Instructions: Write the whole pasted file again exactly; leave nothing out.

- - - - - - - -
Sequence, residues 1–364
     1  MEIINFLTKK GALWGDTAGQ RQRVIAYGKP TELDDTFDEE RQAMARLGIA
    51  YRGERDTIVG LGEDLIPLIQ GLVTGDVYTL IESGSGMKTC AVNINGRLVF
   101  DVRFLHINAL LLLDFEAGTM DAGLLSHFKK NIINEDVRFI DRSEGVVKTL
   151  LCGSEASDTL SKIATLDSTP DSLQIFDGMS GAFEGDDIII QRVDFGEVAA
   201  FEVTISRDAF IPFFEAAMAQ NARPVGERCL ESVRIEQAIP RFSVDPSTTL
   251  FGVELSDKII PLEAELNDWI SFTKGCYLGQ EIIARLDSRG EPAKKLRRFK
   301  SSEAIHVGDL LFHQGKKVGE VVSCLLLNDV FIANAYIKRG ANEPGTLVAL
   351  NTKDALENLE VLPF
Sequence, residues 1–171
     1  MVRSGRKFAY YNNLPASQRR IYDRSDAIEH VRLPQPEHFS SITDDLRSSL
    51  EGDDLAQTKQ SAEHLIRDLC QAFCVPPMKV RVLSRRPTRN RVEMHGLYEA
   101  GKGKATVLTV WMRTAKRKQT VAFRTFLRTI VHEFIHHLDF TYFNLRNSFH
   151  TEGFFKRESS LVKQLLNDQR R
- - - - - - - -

Sequence, residues 1–364
     1  MEIINFLTKK GALWGDTAGQ RQRVIAYGKP TELDDTFDEE RQAMARLGIA
    51  YRGERDTIVG LGEDLIPLIQ GLVTGDVYTL IESGSGMKTC AVNINGRLVF
   101  DVRFLHINAL LLLDFEAGTM DAGLLSHFKK NIINEDVRFI DRSEGVVKTL
   151  LCGSEASDTL SKIATLDSTP DSLQIFDGMS GAFEGDDIII QRVDFGEVAA
   201  FEVTISRDAF IPFFEAAMAQ NARPVGERCL ESVRIEQAIP RFSVDPSTTL
   251  FGVELSDKII PLEAELNDWI SFTKGCYLGQ EIIARLDSRG EPAKKLRRFK
   301  SSEAIHVGDL LFHQGKKVGE VVSCLLLNDV FIANAYIKRG ANEPGTLVAL
   351  NTKDALENLE VLPF
Sequence, residues 1–171
     1  MVRSGRKFAY YNNLPASQRR IYDRSDAIEH VRLPQPEHFS SITDDLRSSL
    51  EGDDLAQTKQ SAEHLIRDLC QAFCVPPMKV RVLSRRPTRN RVEMHGLYEA
   101  GKGKATVLTV WMRTAKRKQT VAFRTFLRTI VHEFIHHLDF TYFNLRNSFH
   151  TEGFFKRESS LVKQLLNDQR R